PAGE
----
I think it is important for people to be involved. At my school we are from all over the state so we try to be as involved in the community as we can. It’s important to give back to the community.  As blind people, we show what we are capable of in the community and it makes you pay more attention to the local news. You hear about it firsthand.

However, not all of the focus group participants believed the civic engagement was necessary for a career in journalism, and also reflected pessimism when describing the civic interests of their non-journalism school friends and classmates. One participant stated, “I think that kids are turning more towards apathy in terms of being involved,” and believed that unless his peers had specific civic goals or future career plans in mind, they likely would not be motivated to engage in civic activity.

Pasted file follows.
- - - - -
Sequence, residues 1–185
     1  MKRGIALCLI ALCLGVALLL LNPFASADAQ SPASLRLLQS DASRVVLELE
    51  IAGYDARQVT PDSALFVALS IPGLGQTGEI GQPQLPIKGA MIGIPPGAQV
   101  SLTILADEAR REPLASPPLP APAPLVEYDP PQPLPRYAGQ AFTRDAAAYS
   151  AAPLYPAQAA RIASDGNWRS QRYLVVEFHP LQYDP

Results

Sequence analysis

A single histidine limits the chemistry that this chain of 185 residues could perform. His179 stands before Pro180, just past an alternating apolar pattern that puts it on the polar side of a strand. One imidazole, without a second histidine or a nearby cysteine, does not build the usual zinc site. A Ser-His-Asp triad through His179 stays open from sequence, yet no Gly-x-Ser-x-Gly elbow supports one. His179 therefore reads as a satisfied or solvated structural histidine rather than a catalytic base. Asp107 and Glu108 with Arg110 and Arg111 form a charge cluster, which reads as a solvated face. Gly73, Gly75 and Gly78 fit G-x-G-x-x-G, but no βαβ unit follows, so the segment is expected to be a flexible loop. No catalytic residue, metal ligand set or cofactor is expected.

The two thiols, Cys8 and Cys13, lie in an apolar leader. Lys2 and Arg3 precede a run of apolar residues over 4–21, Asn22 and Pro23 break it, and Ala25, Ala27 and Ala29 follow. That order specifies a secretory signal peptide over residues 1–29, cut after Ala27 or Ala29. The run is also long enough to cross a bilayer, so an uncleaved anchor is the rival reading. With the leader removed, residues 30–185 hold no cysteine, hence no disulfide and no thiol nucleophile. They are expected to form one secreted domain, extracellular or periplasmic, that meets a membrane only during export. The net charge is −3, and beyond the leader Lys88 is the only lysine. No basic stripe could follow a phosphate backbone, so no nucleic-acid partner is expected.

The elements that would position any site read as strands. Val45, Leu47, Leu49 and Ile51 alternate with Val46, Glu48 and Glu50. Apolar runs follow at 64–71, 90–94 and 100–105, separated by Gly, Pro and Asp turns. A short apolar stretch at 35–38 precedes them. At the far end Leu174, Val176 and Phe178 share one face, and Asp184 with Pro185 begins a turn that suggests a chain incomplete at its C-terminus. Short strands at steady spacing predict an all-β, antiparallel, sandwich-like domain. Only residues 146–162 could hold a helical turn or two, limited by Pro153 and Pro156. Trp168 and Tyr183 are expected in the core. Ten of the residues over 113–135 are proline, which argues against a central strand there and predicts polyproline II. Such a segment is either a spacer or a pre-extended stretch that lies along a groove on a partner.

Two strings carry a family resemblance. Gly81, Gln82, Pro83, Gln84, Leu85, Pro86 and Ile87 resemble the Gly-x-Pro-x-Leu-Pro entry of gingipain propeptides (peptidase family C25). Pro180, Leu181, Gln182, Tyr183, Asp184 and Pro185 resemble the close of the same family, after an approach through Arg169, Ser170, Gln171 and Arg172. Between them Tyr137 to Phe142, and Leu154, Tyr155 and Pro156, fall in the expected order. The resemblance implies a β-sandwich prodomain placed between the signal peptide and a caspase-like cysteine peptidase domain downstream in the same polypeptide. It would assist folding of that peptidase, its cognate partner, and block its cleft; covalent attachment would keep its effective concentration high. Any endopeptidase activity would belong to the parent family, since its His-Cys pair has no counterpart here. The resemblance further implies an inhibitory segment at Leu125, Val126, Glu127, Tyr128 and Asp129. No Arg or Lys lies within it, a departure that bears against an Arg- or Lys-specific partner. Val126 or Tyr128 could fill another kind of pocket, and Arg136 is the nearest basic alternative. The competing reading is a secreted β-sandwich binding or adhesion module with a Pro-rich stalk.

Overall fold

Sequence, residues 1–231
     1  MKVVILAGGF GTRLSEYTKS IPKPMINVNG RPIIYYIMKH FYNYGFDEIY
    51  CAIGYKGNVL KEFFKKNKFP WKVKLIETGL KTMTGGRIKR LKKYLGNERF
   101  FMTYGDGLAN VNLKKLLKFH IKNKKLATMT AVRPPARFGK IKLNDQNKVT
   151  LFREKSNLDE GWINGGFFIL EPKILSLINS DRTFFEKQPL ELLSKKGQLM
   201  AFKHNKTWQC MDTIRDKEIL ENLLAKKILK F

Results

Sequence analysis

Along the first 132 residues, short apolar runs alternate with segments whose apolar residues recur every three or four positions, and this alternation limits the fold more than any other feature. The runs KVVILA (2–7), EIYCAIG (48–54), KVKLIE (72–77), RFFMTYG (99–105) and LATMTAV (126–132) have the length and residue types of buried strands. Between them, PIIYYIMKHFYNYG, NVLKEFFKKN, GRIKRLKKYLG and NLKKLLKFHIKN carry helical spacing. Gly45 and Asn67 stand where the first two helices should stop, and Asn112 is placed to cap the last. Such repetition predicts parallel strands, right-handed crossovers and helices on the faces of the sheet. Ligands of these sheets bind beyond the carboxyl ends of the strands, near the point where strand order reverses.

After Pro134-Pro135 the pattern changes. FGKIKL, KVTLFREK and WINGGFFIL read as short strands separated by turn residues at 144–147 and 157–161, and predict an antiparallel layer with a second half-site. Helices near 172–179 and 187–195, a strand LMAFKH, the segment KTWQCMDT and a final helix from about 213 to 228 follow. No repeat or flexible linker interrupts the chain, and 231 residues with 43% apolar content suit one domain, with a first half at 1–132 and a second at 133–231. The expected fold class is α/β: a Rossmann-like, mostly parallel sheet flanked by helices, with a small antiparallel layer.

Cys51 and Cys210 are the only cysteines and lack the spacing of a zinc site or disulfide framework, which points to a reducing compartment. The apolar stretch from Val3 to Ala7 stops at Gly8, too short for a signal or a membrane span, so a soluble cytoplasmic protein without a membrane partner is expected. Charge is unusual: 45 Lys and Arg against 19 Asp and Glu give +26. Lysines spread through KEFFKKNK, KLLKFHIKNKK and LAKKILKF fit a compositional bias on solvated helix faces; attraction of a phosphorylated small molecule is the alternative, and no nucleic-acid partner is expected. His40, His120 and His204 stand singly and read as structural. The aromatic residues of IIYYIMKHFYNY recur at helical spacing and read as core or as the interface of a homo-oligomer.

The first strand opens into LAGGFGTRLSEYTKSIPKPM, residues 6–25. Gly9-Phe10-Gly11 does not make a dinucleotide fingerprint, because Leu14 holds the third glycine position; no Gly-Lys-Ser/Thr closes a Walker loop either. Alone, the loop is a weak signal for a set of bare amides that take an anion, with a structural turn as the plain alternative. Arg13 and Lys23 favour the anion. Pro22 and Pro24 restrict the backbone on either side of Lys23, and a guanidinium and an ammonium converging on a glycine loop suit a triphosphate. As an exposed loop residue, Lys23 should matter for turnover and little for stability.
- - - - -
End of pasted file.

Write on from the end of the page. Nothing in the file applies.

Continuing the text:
The participants also shared the belief that the combination of civic engagement and journalism made them more aware of current events than their classmates, and expressed a certain unhappiness with the civic awareness level of their classmates, complaining their peers who were eligible to vote either did not know the issues well enough or chose not to vote at all.  Some of the participants recognized a connection between their news and current events knowledge, and political and civic involvement. One female participant spoke passionately about the significance of an informed citizenry toward political and civic engagement: